The sin of Sodom is clearly explained in Ezekiel 16:49-50. It was not homosexual behaviour, but for its deep and general sinfulness, the men in the story may have intended sexual abuse of the divine visitors (the translation of the verb “know” here is not clear).
The issue is not that the objects may have been homosexual but that it was to be abuse. This was in character with the whole of their uncaring, greedy and Godless lives.
Leviticus 18:22; 20:13-14
These verses are found in the “Holiness Code” which emphasized to the Israelites that they were to be set apart to God.
The context is prohibition of practices found in the nearby fertility cult of Molech. “Abomination” is a translation of the Hebrew word which specifically means idolatrous practices (not necessarily sexual).
The condemnation here is a reference to the fertility worship which the Israelites were to shun.
The seriousness of this idolatry in Hebrew eyes was compounded by the belief that “to lie with a man as with a woman” violated the dignity of the male sex. Women were property but men were the direct image of God.
To treat a man the way a woman was treated was to reduce him to property and, thereby, to violate the image of God. The issue was idolatrous activity which failed to acknowledge God’s creation
1 Corinthians 6:9 and 1Timothy 1:10
At issue are two words: malakee (found only in 1Corinthians) and arsenokeeteh, which is in both verses. Tradition assumes a homosexual meaning of the words. Actual study reveals that in its use there, malakee means “morally weak” or, perhaps, “immoral persons”. (The translation “effeminate” in the King James Version was an archaic one and, in any case, did not imply homosexuality in Greek–as it does not today.)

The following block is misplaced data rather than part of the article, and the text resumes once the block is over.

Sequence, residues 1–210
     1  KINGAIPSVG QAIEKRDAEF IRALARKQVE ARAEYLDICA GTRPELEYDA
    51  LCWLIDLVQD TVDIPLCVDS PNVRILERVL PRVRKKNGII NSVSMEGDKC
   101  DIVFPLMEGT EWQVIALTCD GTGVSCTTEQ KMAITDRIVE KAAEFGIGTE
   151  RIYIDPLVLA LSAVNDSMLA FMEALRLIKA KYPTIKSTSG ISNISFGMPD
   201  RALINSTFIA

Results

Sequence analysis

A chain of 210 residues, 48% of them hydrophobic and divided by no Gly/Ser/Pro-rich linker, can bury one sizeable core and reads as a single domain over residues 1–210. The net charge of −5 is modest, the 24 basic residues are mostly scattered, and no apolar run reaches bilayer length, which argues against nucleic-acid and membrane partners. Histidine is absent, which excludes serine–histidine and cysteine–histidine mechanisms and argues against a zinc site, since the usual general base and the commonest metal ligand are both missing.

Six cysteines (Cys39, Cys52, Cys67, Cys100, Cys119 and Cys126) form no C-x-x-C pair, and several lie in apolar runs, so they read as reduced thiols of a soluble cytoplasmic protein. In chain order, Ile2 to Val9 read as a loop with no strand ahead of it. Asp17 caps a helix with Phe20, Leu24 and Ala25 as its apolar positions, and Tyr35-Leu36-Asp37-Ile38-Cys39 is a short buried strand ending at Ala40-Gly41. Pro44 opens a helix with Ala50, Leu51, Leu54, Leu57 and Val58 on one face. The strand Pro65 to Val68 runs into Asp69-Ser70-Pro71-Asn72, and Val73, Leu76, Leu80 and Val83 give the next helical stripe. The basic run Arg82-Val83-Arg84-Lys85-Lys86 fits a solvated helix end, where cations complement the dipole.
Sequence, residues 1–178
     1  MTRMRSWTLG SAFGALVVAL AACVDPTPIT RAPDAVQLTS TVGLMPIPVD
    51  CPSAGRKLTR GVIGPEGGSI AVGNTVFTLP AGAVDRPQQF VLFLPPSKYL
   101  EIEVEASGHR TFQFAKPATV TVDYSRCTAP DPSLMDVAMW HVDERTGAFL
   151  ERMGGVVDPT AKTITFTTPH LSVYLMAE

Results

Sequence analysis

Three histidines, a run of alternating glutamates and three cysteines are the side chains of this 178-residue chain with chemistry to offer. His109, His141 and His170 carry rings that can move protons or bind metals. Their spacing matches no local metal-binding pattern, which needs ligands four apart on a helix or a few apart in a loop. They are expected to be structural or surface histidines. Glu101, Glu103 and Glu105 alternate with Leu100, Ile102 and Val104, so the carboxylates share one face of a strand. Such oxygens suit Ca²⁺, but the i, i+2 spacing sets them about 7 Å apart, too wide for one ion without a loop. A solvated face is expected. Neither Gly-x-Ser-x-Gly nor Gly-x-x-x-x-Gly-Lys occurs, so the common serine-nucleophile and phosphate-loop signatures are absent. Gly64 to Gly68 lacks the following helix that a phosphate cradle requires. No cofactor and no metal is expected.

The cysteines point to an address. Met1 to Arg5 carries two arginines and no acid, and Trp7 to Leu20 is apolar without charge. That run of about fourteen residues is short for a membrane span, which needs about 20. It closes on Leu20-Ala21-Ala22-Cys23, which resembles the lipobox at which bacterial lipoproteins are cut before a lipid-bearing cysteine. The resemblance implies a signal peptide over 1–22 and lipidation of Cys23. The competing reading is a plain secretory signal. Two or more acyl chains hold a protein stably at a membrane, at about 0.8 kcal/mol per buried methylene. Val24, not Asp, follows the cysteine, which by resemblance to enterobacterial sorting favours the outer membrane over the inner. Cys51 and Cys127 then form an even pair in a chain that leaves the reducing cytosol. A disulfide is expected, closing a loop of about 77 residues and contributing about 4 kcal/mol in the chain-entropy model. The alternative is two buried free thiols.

Arsenokeeteh means to refer directly to cult prostitution, again. Such practices were common both in Corinth and Ephesus (where Timothy was). It clearly refers, in this use and later uses in other writings, to prostitutes who engaged in both homosexual and heterosexual cult practice. Neither of these words can possible be translated to mean “homosexual” or any similar distortion of their meaning.
This is the only passage in Scripture which, apparently, talks about homosexual behaviour among women as well as men. The dangerous, traditional interpretation come from failure to relate it to the whole chapter. Paul talks about idolatrous people who put things or concerns before their devotion to God. As an example, he refers to fertility cult worship prevalent in Rome. The homosexual activity to which he refers is idolatrous. He implies that all of the cult worshippers engaged in it. (The interpretation that he is writing about homosexual behaviour in general would force this to say that all idolatrous people become homosexual–an obviously spurious interpretation.) The final sentence referring to their just reward is a reference to the venereal disease which was epidemic among such cults. This specific reference to fertility cult worship cannot be construed to condemn homosexual behaviour in general.